Any normally mundane errand can be spiced up thanks to a little nostalgia. Store background soundtracks provide a skip down memory lane on a daily basis. I really feel empowered when I pop into a 7-11 to pick up a Coke to Sinatra's "My Way." It also puts a pep in my step when stop to fill up the tank and the gas station is serenading me with the Carpenter's "On Top of the World." These are old standbys. Yet, supermarkets at closing time are in a league of their own. Five minutes prior to closing, in lieu of an, "in just a few minutes, the store will be closing, please take your final purchases to the register at this time," announcement that I sounded off in my cashier days, Auld Lang Syne streams in over the loud speakers. The first few times, I admit, I looked around for someone to kiss, or at least for a tuxedo clad employee to hand me a plastic flute glass of champagne, but I slowly adjusted the fact that this is the way we bring produce shopping to a close in Japan.

We had a 6:00 dinner call growing up. It was as low brow as my mother coming to the front door and calling out to us kids to come home. However, Japan hits the high notes with its classic public service call, unique from city to city across the nation, which sounds off at 4:30 PM in winter and or 5:30 PM in the summer. Speakers throughout town ignite a song signaling the children to swiftly exit the parks and playgrounds, and a verbal safety message follows reminding them to carefully make their way home. In my early years in Japan, a harmless practical joke among colleagues helped me appreciate this musical noise making custom on a new scale. Elden was a marching band director from Hawaii, on a fixed term teaching contract in Koshigaya. He had his clarinet in Japan, and like any gifted musician he could play by ear, mimicking tunes on demand or perhaps in this case, on command.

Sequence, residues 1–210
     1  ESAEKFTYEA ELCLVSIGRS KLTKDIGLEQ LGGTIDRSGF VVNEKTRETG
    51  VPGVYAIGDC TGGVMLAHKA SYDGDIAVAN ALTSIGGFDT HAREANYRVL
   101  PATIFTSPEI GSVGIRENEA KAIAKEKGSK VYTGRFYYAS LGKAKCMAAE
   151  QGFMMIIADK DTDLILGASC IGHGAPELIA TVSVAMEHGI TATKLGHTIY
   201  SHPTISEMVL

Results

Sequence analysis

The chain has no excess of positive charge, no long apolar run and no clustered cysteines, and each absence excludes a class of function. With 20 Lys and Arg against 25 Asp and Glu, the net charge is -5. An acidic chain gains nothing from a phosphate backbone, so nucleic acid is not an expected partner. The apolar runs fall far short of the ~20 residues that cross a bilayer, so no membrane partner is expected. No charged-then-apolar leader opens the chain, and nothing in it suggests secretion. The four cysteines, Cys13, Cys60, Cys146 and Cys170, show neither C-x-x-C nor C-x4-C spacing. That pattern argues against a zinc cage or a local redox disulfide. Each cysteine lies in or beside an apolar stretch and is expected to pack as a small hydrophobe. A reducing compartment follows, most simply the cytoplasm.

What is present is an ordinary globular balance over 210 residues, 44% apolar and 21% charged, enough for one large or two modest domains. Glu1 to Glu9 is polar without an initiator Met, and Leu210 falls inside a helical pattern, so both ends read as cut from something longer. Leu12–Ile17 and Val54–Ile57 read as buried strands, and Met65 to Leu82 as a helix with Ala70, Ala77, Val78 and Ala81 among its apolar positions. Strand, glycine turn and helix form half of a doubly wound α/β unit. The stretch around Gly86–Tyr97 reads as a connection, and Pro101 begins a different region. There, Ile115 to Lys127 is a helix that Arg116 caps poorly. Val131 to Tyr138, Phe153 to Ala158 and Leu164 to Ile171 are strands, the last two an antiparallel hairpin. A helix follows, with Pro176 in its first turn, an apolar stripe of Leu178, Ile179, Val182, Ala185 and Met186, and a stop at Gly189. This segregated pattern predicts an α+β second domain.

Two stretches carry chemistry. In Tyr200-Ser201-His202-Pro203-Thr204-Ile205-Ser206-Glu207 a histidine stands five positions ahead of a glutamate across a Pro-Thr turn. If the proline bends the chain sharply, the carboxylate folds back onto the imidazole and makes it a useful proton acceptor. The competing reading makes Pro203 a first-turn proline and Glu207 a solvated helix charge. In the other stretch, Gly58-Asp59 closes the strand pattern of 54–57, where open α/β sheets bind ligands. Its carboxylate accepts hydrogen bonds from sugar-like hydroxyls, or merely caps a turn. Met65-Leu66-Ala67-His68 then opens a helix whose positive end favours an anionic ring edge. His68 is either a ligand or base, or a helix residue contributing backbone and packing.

It was the perfect weather that late fall day for kids to play outside, and thus we gathered in his 4th floor apartment after school. We tested the maximum weight of the veranda overlooking a neighborhood park and filed out onto the balcony like the ol' elephants in a Volkswagen bug gag. At exactly 4:25 PM, 5 minutes prior to the city sponsored pre- recorded version, Elden played a live arrangement of the "time to go" song. We stood and watched in anticipation, and the targets took the bait. The kids stopped, looked up and around, and dutifully scrammed off on their bikes to safely head home for the day. We quickly took refuge inside and were overcome with a giddy feeling of satisfaction on our experiment accomplished.

The beeps, alarms, megaphones, noise makers, and songs, songs, songs do take a toll on my noise pollution comfort level. However, regarding my attitude toward all the racket, like the Grinch, my heart grew three sizes that day.


  1. Kathryn, I could write a companion post to this about all the times we've left laundry wrinkling in the washer or food drying up in the microwave because we had gotten SO programmed in Japan to rely on these electronic reminders!

  2. I would love to read the reverse dependency shock. Does your bath water run into the living room before you realize it's time for a soak?